Medication Safety Articles

 

Consumers should also be aware of potential safety issues involving the phosphate content in Fleet enemas. This is especially true in elderly patients, who may use more than just one enema at a time and risk metabolic disorders and fatalities. When a Fleet enema is used, a second dose in quick succession to the first should not be used. Prolonged use or overuse can also lead to dehydration as well as fluid and electrolyte imbalances.

The Food and Drug Administration (FDA) is requiring a label update to warn of the risk of nerve damage from a very important class of antibiotics called fluoroquinolones. These are 6 commonly used antibiotics that include Cipro, Levaquin, Avelox, Noroxin, Floxin and Factive. The warnings are for oral or injectable quinolones, not eye or ear drop formulations.

After high school, many young adults, ages 18 through 24, look forward to new and exciting opportunities. Many of them leave home for college, work, or military service. They feel extremely independent and able to handle most situations. With the use of technology, they can usually find the help and answers they need within minutes when problems arise. But, this can also be a very stressful time in life. If your child needs to take medicine to treat a medical condition, mistakes can happen. This can lead to a life-threatening situation. The question is, should they turn to the Internet for answers?

The Food and Drug Administration (FDA) is  alerting patients, caregivers, and healthcare professionals of the importance of appropriate storage, use, application, and disposal of fentanyl patches (including Duragesic and generic products) to prevent potential life-threatening harm from accidental exposure to the active ingredient, fentanyl.

Two new “Allegra” products are hitting the store shelves. However, they do not contain fexofenadine, the active ingredient in the original Allegra product used to treat allergies. These two new products, Allegra Anti-Itch Cooling Relief and Allegra Anti-Itch Intensive Relief, contain diphenhydramine and allantoin and are applied to the skin. The only thing they share with the original Allegra product is its name and the “look” of the packages.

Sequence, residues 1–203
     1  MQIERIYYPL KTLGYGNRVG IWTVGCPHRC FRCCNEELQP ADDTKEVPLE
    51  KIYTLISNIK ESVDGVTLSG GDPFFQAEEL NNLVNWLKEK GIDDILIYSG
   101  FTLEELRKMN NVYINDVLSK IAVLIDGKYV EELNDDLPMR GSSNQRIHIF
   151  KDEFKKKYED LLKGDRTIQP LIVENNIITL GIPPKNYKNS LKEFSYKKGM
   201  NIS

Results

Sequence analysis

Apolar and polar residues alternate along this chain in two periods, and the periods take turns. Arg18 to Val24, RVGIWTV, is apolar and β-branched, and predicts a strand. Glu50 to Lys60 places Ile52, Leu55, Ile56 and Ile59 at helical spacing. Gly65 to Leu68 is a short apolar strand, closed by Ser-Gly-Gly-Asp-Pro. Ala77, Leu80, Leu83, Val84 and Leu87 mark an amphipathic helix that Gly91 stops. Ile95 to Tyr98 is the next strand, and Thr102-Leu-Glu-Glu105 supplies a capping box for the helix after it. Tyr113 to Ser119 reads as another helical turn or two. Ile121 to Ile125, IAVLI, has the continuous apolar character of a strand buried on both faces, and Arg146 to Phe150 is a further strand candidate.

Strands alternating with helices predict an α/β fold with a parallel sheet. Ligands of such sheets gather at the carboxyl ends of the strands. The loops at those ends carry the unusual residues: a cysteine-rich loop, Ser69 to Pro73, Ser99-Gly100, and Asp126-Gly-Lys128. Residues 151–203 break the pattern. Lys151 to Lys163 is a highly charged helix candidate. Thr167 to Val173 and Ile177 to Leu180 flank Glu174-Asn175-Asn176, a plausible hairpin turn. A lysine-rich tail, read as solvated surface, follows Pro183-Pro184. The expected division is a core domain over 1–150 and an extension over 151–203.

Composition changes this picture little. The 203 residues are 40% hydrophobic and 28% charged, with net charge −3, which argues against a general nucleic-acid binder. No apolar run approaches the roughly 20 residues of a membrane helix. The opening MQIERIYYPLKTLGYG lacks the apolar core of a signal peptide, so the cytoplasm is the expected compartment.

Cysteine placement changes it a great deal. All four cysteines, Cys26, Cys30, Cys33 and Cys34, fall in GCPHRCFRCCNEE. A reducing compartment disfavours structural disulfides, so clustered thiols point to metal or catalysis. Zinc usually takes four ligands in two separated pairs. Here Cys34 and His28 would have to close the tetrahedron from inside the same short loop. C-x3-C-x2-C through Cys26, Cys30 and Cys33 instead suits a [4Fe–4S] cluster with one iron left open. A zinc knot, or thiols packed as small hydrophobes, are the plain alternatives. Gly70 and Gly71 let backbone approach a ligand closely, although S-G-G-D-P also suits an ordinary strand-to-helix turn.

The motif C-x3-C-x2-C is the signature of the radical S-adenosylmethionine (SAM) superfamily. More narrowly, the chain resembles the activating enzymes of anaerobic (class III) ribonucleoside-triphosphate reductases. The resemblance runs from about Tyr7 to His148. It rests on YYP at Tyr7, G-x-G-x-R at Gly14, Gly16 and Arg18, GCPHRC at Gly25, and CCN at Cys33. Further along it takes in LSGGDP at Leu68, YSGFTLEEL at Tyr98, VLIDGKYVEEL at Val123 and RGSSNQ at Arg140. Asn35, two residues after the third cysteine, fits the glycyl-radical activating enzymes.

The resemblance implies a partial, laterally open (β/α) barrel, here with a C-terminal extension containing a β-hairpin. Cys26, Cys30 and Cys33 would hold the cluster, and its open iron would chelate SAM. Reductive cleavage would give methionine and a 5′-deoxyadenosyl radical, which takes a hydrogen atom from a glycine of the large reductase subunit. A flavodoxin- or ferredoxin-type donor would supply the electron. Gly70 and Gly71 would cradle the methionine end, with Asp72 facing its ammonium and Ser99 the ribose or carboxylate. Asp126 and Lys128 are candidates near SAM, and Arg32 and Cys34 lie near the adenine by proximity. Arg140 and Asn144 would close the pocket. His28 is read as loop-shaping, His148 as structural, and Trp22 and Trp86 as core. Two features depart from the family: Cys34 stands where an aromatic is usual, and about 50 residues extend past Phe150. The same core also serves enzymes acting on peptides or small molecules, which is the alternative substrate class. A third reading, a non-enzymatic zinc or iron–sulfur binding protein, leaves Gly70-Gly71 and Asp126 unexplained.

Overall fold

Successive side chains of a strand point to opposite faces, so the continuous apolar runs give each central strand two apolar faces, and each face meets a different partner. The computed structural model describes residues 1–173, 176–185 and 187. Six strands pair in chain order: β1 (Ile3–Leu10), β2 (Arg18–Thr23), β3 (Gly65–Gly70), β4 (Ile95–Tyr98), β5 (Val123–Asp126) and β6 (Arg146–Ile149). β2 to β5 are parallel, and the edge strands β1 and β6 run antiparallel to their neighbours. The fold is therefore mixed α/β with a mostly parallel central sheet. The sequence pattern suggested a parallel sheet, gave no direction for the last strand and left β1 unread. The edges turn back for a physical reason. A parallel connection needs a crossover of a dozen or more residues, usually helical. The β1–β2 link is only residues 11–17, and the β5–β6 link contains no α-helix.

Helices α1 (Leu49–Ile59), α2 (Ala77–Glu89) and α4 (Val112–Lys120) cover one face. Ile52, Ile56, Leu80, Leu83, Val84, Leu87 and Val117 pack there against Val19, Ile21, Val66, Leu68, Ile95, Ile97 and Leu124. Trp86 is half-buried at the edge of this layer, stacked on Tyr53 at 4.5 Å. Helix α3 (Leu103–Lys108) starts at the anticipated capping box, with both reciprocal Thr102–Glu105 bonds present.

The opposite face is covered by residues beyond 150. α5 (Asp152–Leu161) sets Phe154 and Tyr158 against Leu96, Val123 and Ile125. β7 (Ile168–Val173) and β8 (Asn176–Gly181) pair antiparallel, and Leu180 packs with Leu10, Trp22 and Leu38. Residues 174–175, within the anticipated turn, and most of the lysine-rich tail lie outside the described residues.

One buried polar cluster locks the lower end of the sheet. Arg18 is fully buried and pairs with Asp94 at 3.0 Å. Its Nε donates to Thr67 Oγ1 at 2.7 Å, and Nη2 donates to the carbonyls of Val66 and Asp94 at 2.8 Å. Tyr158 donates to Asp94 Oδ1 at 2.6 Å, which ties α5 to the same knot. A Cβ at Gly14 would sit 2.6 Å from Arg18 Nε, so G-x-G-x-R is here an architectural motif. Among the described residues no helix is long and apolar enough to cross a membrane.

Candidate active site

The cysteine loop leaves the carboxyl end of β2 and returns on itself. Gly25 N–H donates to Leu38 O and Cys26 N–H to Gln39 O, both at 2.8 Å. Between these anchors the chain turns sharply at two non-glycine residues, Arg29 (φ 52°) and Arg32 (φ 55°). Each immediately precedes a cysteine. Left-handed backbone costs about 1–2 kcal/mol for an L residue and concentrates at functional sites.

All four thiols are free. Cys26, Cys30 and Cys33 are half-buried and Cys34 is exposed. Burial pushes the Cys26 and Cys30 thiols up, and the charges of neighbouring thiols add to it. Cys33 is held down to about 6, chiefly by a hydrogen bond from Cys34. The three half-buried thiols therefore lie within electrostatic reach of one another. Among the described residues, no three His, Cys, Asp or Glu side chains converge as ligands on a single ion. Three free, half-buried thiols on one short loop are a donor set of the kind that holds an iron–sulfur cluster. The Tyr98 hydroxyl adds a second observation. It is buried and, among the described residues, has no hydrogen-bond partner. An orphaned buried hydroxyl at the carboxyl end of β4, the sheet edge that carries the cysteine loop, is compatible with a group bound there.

Here is a mother’s blog, originally submitted to JNJParents, that caregivers of small children might find of interest. The author discusses a number of “safety gaps” when keeping medicines away from curious children.

Most people consider their pets as part of the family. But just like you wouldn’t want to take another family member’s medicines by mistake, you don’t want to accidentally take your pet’s medicine either.  Who would ever make that mistake? You’d be surprised how often it happens.

There are more than 600 different prescription and over-the-counter (OTC) medicines that contain acetaminophen (Tylenol). The drug is often found in pain relievers, fever reducers, and sleep aids as well as cough, cold, and allergy medicines. These medicines are safe and effective when used as directed. However, severe liver damage can occur from taking too much acetaminophen (if you continue to take more than 3,000 to 4,000 mg per day). In most cases, this can happen if you take more than the prescribed or recommended dose of acetaminophen or if you take more than one product containing acetaminophen.

In February, the Chicago Sun Times reported that 16 elementary school children had been taken to local hospitals with a sudden illness. The children were 9- and 10-year olds who began vomiting after eating “mints” given to them by another classmate. It was later found that these “mints” were actually nicotine-replacement lozenges, called NiQuitin Minis (Figure 1 on page 3). (NiQuitin is a product from the United Kingdom that is sold online; however, the Nicorette brand made in the US has a similar product.) The classmate found the lozenges at home and brought them to school to share.

Infants who are breastfed or partially breastfed should receive a daily supplement of vitamin D starting in the first few days of life. Breast milk has only 25 units of vitamin D per liter (that’s roughly a quart or about 32 ounces). The American Academy of Pediatrics recommends a daily dose of 400 units of vitamin D for infants. Infants who drink less than a liter of formula also may need a lower dose of a vitamin D supplement. Although formula is fortified with vitamin D, enough may not be consumed each day to get the total recommended dose of 400 units.

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